Tuesday, 5 July 2016


2 from Arthur Lyons this week, an author I’ve not yet read. Not that I’ve let that little fact  get in the way of acquiring most if not all of his 11 book Jacob Asch PI series. (8 uncovered in the tubs so far) 

Lyons died in 2008 aged 62. 

His Asch books were published over a 20 year period from 1974 to 1994. 

He had a couple of other fiction offerings and 4 non-fiction books as well - a couple on Satanism, one on psychics and crime investigations and one on B-movies and their evolution into noir.

Jacob Asch
1. The Dead Are Discrete (1974)
2. All God's Children (1975)
3. The Killing Floor (1976)
4. Castles Burning (1980)
5. Hard Trade (1981)
6. Dead Ringer (1977)
7. At the Hands of Another (1983)
8. Three With a Bullet (1985)
9. Fast Faded (1987)
10. Other People's Money (1989)
11. False Pretenses (1994)

There’s a few articles online regarding his death and his books.

Time to read one or more I reckon!

The Dead Are Discrete (1974)

Jacob Asch never really considered himself a private detective. He was just an out of work investigative journalist who had had a few hard breaks and would be back in there filing copy again just as soon as he could clear his record. And when he got himself involved in investigating cases like the ritual sacrifice of wealthy girl about town Sheila Warren, he felt more like an amateur than ever. For the trail was to lead through the underground of Los Angeles of the 1970s, from its arcane religious sects of Satanists and Jesus freaks to the kinky sexual pleasures of the wealthy who could callously destroy the life of a teenage girl for the sake of a roll of bizarre movie film. The Dead are Discreet introduces a new detective. Jacob Asch, witty, bitter, with his ideals somewhat battered but still intact, works the strange but fascinating underworld of Southern California today.

Castles Burning (1980)

From the dust jacket: 

In his creation of Jacob Asch-a Jewish detective working in and out of Los Angeles-Arthur Lyons has established himself as one of today's brightest new authors of detective fiction. 

THE NEW YORK TIMES BOOK REVIEW has written of his work: "The very composite of the species, genus Californiensis," 

Sydney Sheldon has called it "...hard-hitting and realistic, with the flavor of a modern Raymond Chandler." 

The plush, sybaritic world of Palm Springs is the scene of this new Jacob Asch mystery. A young Los Angeles artist hires Asch to track down the wife he deserted years ago and the infant son he left her with, to make amends now that he is successful. Asch finds her in Palm Springs, remarried to a wealthy businessman, and learns that the boy was killed in a car crash with his mother behind the wheel. The case would seem to be closed, but when the teenage son of her second marriage is kidnapped for ransom and, simultaneously, Asch's client disappears, Ash finds himself embroiled in a very different situation. The trail Asch takes up leads him through the extremes of Palm Springs life-trailer camps and millionaire homes on Frank Sinatra Drive; elegant clubs and fast food eateries; orgiastic teenage pot parties and enervated sun-worshipping by retired moguls-all against a twisting, driving story packed with the expertise of criminal detection and manhunt (including the step-be-step details of an FBI-engineered ransom "drop"). It is a colorfully rendered, consistently gripping tale, the most exciting and accomplished Jacob Asch novel yet.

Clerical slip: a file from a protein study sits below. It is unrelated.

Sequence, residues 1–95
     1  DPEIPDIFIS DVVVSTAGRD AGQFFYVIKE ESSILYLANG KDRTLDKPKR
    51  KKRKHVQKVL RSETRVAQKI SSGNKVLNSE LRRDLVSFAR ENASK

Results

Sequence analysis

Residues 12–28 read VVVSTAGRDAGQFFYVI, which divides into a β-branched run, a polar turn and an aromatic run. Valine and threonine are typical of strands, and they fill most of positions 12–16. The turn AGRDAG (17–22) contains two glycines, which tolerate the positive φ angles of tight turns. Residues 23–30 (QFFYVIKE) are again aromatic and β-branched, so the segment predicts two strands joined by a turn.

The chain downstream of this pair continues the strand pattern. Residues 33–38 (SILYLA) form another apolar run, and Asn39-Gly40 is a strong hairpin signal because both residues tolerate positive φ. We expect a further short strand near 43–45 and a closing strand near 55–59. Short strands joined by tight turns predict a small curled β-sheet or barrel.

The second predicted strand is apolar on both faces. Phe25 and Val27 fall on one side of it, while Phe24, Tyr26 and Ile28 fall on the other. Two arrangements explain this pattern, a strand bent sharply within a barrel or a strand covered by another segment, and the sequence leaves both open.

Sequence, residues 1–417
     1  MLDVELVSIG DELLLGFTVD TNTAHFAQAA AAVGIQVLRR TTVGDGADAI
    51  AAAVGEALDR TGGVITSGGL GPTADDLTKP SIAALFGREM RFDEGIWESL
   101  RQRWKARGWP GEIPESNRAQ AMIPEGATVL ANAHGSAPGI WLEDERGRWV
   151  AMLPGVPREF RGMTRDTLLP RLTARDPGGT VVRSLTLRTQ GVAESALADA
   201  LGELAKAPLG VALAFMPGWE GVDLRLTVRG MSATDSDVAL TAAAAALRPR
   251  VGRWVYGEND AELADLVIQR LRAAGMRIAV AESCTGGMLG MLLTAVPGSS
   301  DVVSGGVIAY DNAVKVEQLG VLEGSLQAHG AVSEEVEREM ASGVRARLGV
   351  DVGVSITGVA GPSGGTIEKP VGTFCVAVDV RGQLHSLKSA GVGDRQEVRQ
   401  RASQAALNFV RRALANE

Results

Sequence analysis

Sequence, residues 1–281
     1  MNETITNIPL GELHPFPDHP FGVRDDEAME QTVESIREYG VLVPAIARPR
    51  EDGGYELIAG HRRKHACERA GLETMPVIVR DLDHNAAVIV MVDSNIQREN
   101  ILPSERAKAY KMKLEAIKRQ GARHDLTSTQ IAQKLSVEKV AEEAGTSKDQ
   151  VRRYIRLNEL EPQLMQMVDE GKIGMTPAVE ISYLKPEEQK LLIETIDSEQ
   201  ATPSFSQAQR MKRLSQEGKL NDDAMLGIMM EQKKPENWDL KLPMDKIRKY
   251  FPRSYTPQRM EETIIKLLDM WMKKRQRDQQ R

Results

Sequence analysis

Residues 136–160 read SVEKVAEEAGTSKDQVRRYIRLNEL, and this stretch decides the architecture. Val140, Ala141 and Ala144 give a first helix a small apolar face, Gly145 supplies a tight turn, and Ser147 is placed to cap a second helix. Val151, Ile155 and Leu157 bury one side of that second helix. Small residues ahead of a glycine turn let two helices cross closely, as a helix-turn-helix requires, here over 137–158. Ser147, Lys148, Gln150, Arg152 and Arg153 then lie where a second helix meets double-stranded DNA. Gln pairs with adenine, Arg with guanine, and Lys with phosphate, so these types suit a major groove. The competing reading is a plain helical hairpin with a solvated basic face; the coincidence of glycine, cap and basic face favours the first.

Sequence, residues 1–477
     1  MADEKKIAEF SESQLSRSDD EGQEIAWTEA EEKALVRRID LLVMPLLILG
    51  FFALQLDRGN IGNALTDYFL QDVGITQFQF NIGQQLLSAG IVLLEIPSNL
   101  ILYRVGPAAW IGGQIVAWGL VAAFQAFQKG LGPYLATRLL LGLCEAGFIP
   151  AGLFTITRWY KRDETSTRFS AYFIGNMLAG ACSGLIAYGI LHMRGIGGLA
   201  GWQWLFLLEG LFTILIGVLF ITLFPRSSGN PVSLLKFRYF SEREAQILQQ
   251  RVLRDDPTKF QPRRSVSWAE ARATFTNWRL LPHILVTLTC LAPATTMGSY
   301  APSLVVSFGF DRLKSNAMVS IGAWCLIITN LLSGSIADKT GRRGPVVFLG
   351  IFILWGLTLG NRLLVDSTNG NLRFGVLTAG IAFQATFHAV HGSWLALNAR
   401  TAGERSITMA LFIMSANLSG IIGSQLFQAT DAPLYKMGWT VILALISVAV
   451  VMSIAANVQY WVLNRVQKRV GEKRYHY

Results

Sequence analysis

I love the covers which No Exit Press used on his UK releases - I'm no car buff, but I'd buy the books based on the covers alone, much more attractive than the US printings in my opinion.


  1. Lyons' work sounds really appealing, Col. I admit I've not (yet) tried it, but Ash sounds like an interesting protagonist. I'll be looking forward to reading what you think of these books when you get to them.

    1. Margot thanks - I just need to squeeze a couple into the soon-to-be read pile!

  2. Those covers are amazing! New author to me - like Margot, I'll await your verdict...

    1. I'm a sucker for a stylish cover! Hopefully I'll get to him this year.

  3. I haven't read any of his fiction, but I most definitely have read the "one on B-movies and their evolution into noir"! It's called Death on the Cheap, and it's a book I'd recommend to anyone interested in the genre.

    1. John, I'm glad you noted that little nugget as I put it in there for your benefit - albeit on the 1% off-chance you hadn't
      crossed paths with the book. I should have known better!

  4. I am with you, Col. I'd buy the books with the cars on the covers based on the covers alone. I am going to have to go look for those. I have heard the author's name and have read about the series ... don't know if I ever read any of those books in the 70s or 80s.

    1. Tracy it's funny really; I usually get more excited about US editions of books but not on this occasion. US books always (well nearly always) seem more exotic to me. I'll be interested to see if you can find one or more from him and if you discover they are re-reads!